The August 21 total solar eclipse is expected to be one of the most photographed events of the year — but does it really require special gear? Not if you use an iPhone, Apple suggests. iPhone eclipse photography is possible filter-free according to the manufacturer, though the eclipse will be only a small portion of the image.
Viewing the solar eclipse requires wearing special glasses. The sun is too bright to stare at directly, a fact that, during the course of a normal day, your brain would remind you of when your eyeballs start burning. But since the eclipse darkens the sky, viewers don’t realize they are harming their eyes by glaring at the brightest part of the sun. Plop on a pair of special shades and viewers can stare at the eclipse from partial to totality without damaging their eyes.
The eclipse can have the same effect on a camera — fill the frame with just the eclipse and an unprotected camera, and you could wreak havoc on the camera’s digital sensor. That’s why, with the upcoming eclipse for much of the U.S., manufacturers are toting their protective solar filters.
But, in an interview with USA Today, Apple said that the iPhone doesn’t require using a special filter to photograph the eclipse. Why? Because with a wide-angle lens, the sun is too small to damage the sensor. If you use a camera with a zoom and fill the frame with the eclipse, that bright light hits over the entire sensor, but with a wide-angle camera, the small amount of light doesn’t overwhelm the sensor. Case in point — you can photograph the sun on a normal day with an iPhone without wrecking the camera, but you can’t use a zoom camera to photograph just the sun on a normal day without risking damage.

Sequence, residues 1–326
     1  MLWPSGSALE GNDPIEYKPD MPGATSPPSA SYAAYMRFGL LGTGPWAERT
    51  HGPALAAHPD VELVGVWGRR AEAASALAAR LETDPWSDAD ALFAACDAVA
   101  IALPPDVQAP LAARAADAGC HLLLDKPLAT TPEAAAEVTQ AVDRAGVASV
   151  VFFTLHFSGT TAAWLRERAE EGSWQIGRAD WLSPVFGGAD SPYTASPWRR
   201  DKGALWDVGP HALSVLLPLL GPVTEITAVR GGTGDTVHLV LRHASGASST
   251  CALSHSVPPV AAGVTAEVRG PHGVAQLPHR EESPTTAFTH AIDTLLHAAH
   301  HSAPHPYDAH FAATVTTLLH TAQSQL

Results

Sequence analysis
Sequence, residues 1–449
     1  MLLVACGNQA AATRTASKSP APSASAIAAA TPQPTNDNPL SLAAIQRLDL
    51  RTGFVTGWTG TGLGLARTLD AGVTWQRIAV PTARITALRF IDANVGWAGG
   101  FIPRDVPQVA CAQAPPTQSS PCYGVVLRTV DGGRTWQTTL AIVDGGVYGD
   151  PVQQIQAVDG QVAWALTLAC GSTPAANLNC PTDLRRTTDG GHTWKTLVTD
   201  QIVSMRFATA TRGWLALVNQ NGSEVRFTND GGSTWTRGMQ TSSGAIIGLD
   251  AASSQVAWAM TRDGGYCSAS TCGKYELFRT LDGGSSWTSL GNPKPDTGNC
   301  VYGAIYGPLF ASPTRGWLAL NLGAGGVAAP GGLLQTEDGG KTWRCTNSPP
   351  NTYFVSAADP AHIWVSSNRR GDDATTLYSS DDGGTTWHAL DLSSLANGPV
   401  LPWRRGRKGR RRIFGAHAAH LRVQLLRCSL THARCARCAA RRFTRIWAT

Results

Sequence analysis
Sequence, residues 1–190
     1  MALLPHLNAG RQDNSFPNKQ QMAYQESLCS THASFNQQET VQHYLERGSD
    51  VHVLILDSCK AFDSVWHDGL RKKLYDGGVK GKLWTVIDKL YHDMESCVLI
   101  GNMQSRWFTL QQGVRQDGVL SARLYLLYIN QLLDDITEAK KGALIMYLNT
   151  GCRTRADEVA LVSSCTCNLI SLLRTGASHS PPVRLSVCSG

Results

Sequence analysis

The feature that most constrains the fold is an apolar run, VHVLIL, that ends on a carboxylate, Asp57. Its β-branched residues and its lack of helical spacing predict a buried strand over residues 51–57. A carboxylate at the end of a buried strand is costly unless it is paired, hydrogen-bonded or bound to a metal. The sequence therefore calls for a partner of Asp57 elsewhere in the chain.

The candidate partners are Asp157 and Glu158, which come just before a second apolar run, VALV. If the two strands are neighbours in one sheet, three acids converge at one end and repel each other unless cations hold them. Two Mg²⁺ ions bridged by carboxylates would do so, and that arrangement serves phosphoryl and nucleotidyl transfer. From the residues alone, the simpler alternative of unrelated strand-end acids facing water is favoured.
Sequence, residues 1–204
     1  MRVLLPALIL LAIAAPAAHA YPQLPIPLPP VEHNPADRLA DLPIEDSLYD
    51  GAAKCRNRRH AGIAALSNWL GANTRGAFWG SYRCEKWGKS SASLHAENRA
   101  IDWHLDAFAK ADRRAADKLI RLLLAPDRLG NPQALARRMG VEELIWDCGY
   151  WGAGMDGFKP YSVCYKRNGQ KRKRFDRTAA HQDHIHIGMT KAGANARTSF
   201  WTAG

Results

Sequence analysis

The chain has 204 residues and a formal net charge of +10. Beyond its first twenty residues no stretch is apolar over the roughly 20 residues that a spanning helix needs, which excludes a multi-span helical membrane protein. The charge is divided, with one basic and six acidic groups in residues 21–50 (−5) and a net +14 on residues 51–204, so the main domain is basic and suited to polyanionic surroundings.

The iPhone doesn’t have some sort of special filter built-in. No filter is needed because of its wide-angle lens, at least according to Apple. That suggests that other wide-angle, small-sensor cameras like a GoPro or other smartphones could be safe, too.
If you don’t want to take Apple’s word for it, there are special solar filters available for smartphones — or as iPhone astrophotographer Andrew Symes suggests, simply placing an extra pair of solar glasses over the smartphone’s camera lens.
The filter-free capability doesn’t mean that a smartphone is the best way to photograph the eclipse. That wide-angle view means the eclipse will be a pretty small part of the image (just try to take a photo of the moon to see just how small). To actually get the eclipse to be a dominant part of the frame, photographers will want a telephoto lens (ideally 400-800mm, though a 300mm will work too, and any of these will need a protective filter). Focusing in any dark scenarios with an autofocus camera is also notoriously tough, and a tripod is recommended for the best eclipse shots.